Road Buses are preferred means for travel to the suburbs of Indian cities. Bus services are frequent in cities but are almost always crowded during peak hours. Taxis are not economical but autos (three-wheeled scooter-rickshaws) are. Either insist to go by meter or negotiate the price before hand with the drivers. While taking services, ride seeing the latest fare charts which all taxi and auto drivers should carry, and pay accordingly. Rickshaws are available everywhere. Tongas (horse-pulled carts) are available in many places but are time-consuming. The drive-yourself facility has still not been introduced in India, though international firms have begun to operate in India renting cars with drivers. Luxury cars and taxis without meters are also available on hire from cab companies in all major cities. Organized tours are conducted by government organizations in most tourist centers. India boasts of having many world class India tour operators and you can hire their services. Most of the roads are quite good, however, link roads leading to National Parks and wildlife sanctuaries may not always be good.
Sales Tax A local state tax is levied on many products as well as on services.
Communication Over 700 centres in India are connected by Direct Dialing Telephones (STD), and 204 countries around the world are connected by International Subscriber Dialing (ISD) facilities. Other modes of communications lake telex and fax are also available. But India has made rapid strides in communication technology. There are 980 million mobile phone users in India. Internet density is on the rise. Almost all good hotels have wi-fi and internet connectivity. Internet cafes are modern rage in smaller towns.
Time Indian standard Time follows 82 ?E longitudes. IST is 5 ? hours ahead of GMT, 10 ? hours ahead of American Eastern Standard Time (New York), 12 hours behind Australian Eastern Standard Time and 3 ? hours behind Japanese Standard Time (Tokyo).
Toilets Public toilets are few and far between and rarely well-kept. So prepare yourself in advance for a day out.
Traffic Rules Two-wheelers are very popular and cycles and mopeds are numerous in the larger cities. Traffic is heavy in the morning when people are hurrying to their schools, colleges or offices. The evening rush that begins with the office-goers and students getting back home lasts till late in the night. At all hours of the day, bullock carts and hand-drawn carts carrying heavy loads may be seen on the roads, moving at a leisurely pace, paying little heed to the rule of the road, with automobile blaring horns or enlarged drivers. Wandering cows and stray dogs add their bit to the traffic, making driving on the India roard that bit more difficult. Driving is on the left. Public parking facilities are available, but it is also safe to park your vehicle in other convenient places. Look out for 'No Parking' zones. Always carry a valid driving license endorsed for India.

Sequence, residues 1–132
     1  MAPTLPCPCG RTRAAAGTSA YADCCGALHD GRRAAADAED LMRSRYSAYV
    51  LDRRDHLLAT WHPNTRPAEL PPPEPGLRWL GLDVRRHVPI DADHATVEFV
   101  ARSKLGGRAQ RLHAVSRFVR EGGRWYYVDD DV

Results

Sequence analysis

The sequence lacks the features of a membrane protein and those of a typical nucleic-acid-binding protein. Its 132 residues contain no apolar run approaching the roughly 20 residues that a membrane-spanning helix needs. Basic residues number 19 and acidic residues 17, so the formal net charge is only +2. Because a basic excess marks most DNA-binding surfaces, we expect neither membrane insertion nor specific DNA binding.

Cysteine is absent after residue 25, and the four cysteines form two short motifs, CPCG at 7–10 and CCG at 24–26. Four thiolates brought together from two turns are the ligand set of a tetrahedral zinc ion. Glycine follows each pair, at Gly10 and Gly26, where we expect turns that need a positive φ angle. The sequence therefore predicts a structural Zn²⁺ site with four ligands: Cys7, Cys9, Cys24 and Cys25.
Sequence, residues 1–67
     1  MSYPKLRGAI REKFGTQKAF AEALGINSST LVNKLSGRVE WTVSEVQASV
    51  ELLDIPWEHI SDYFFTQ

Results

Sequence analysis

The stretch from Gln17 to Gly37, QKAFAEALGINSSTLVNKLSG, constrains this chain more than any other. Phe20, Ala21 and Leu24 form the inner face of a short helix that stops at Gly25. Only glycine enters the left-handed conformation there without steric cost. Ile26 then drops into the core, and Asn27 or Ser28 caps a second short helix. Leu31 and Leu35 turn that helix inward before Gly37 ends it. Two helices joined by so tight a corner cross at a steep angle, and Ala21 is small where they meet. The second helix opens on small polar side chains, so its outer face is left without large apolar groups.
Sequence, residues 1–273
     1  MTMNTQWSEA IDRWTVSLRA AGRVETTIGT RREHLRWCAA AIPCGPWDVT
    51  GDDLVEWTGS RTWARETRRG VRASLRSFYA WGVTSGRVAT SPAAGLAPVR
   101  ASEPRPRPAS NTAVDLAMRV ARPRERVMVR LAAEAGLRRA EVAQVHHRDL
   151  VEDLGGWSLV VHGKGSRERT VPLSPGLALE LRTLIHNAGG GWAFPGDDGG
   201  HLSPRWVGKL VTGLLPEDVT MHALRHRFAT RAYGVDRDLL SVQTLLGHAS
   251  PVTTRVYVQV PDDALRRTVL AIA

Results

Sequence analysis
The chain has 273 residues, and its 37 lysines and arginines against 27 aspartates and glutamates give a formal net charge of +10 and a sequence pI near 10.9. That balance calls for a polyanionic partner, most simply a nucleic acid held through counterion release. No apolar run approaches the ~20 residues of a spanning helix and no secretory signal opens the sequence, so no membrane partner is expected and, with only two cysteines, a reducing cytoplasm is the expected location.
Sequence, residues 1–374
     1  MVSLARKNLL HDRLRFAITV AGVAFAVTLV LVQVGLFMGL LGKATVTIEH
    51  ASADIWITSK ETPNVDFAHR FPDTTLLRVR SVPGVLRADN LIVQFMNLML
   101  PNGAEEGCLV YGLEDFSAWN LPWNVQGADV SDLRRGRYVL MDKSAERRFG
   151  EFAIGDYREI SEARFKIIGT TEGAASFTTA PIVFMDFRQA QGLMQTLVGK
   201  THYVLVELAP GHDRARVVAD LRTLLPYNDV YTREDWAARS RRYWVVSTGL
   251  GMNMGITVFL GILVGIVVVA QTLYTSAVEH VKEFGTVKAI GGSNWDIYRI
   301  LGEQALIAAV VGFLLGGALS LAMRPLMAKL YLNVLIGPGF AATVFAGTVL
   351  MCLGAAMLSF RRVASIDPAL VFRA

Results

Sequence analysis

Vehicle Repair Most towns have good vehicles repair facilities. Spares for imported vehicles are not easily available, so it is better to carry sufficient spares which will be fitted by recognized workshops. However, certain spares may be available in Delhi, Kolkata, Mumbai and Chennai. For India vehicles there are several service centres scattered all over the country, where all types of repairs can be attended to.
Visas Citizens of all countries, except Nepal and Bhutan and South Africans of Indian origin, need visas. While the first two need no passports either, South African Indians should possess passports or certificates of identity, endorsed for India. The Government of India issued three kinds of Visas-Tourist, Entry and Transit- depending on the purpose of the visit. All Visas are issued by Indian Diplomatic missions abroad. If a country has no Indian Representative or consular officers, the nearest British Diplomatic Mission may be approached. A Tourist Visa entitles the visitors to stay in India for three months. The visitors, however, must arrive within six months of the date of issue of the visa. The visa may be extended by another three months through application made to the foreigners' Regional Registrations Office at Delhi, Mumbai, Kolkata or Chennai, or to the Superintendent of Police at the headquarters of the district. An Entry Visa, issued for three months and extendable for a further of three months, is issued to a foreign national visiting India for business or professional purposes or to set up permanent residence here. A Transit Visa, valid for 15 days, is issued to travelers passing through India, en route some other foreign destination, on presenting 'through tickets' for the onward journey. However, Transit Visa holders must enter India within three months from the date of issuance. It is also possible to obtain a two-way transit visa which will allow the travelers two journey through India with a maximum stay of 15 days on each visit. A passenger in Direct Transit, not wishing to leave the airport, does not require a transit visa.
Water In good hotels and restaurants, water is safe to drink. In other places, it is always advisable to ask for bottled drinking water. Extra care should be taken during the monsoon months. When in doubt, it's best to stick to bottled mineral water or, when not available, bottled soft drinks and soda if they are branded. It is also safe to use chlorination tablet or a water purifier which are available at most drug stores.
Working Hours and Holidays Sunday is the weekly holiday. Many officers are also closed on Saturday or work half-a-day. Other than these, the Indian calendar is replete with festival holidays, but these tend to vary from state to state. The only four national holidays are : 26 January-Republic Day, May 1- May Day; August 15- Independence Day and October 2- Gandhi Jayanti. Office hours are generally 10 am to 5 pm, though they may vary with the nature of the work and from state to state. Most Government of India officers work 5 days a week. Government officers work from 9:30 am to 5:30 pm. Most shops are open from 9 am to 8 pm with a long lunch break from noon or 1 pm to 3 pm. Smaller Shops and pavement traders keep flexible hours.